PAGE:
A source tells Fox News that former National Security Advisor Mike Flynn will turn over subpoenaed records to the Senate Intelligence Committee.

The source told Fox News that the committee recently narrowed its requests for Flynn’s personal records, enabling him to accommodate the committee’s requests without jeopardizing his legal rights. Flynn’s attorneys had argued the earlier request was too broad and would have required Flynn to turn over information that could have been used against him.

The source added that Flynn wanted to cooperate with congressional investigations and was grateful that the Senate panel had narrowed the scope of its request.

Earlier in the day, President Trump tweeted out, “Russian officials must be laughing at the U.S. & how a lame excuse for why the Dems lost the election has taken over the Fake News.”

U.S. successfully conducts missile intercept test

I hope the Norks were paying attention.

The U.S. military successfully shot down a mock nuclear warhead simulating the speed and range of a potential North Korean intercontinental ballistic missile, the Pentagon’s Missile Defense Agency said Tuesday.

In a statement, the agency said an unarmed rocket launched from the Marshall Islands in the Pacific Ocean was “destroyed” by a ground-based interceptor launched from Vandenberg Air Force Base in Southern California as it traveled outside Earth’s atmosphere.

“This system is vitally important to the defense of our homeland, and this test demonstrates that we have a capable, credible deterrent against a very real threat,” said MDA Director Vice Admiral Jim Syring. “I am incredibly proud of the warfighters who executed this test and who operate this system every day.”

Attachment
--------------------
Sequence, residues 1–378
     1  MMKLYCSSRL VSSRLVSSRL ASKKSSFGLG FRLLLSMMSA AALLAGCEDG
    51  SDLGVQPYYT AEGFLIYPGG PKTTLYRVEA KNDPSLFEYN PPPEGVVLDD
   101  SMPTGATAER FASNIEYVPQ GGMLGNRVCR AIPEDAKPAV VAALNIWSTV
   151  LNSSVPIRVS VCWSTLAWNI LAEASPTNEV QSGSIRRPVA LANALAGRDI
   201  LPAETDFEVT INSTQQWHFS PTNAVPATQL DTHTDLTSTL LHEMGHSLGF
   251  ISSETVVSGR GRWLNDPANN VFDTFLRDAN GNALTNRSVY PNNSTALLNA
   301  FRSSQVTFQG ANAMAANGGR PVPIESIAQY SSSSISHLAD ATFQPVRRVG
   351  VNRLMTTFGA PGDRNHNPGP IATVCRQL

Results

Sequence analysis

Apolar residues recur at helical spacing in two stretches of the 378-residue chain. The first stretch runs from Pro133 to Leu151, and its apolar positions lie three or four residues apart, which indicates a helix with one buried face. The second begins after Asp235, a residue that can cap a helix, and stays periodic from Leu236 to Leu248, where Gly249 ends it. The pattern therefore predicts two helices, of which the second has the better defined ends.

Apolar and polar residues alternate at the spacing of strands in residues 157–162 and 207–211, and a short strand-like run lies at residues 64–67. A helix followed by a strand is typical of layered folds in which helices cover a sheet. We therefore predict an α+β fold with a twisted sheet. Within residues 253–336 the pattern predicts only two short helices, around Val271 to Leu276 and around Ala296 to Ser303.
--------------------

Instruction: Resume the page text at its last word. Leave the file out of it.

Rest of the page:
Trump interviewed two candidates for FBI director

President Trump met with two potential replacements to fill the vacant FBI chief position. Press secretary Sean Spicer revealed in yesterday’s press conference the two men are John Pistole and Chris Wray.

Wray, a former top Department of Justice official, is an attorney who served as New Jersey Gov. Chris Christie’s personal attorney during the so-called Bridgegate scandal. He has been working as a partner with the Atlanta-based King & Spalding law firm since 2005, when he left his role as assistant attorney general in charge of the Department of Justice’s criminal division under President George W. Bush.

Pistole served as the head of the Transportation Security Administration under President Obama after spending 26 years at the FBI.

At the FBI, Pistole rose to become deputy director, working under current DOJ special counsel Robert Mueller, who was then the FBI director. Before becoming the deputy director, Pistole led the expanded counterterrorism program after the attacks on Sept. 11.

“When the president feels as though he’s met with the right candidate, he’ll let us know,” Spicer said during the briefing. “But he’ll meet with candidates today and continue to do so until he finds the right leader.”

The high cost of federal regulation

Today, the Competitive Enterprise Institute will release its annual report on the cost of the oppressive regulatory state. The report, “The Ten Thousand Commandments,” was written by Wayne Crews and outlines the massive financial burden of administering the American regulatory Leviathan. It’s astonishing.


President Trump has already taken some steps to unburden the citizens from Obama-era regulations, but that’s really only a start.

  • Federal regulation is a hidden tax that amounts to $15,000 ($14,809) per U.S. household each year or 21% of the average household income. More is “spent” on embedded regulation than on health care, food, transportation, entertainment, clothing and education.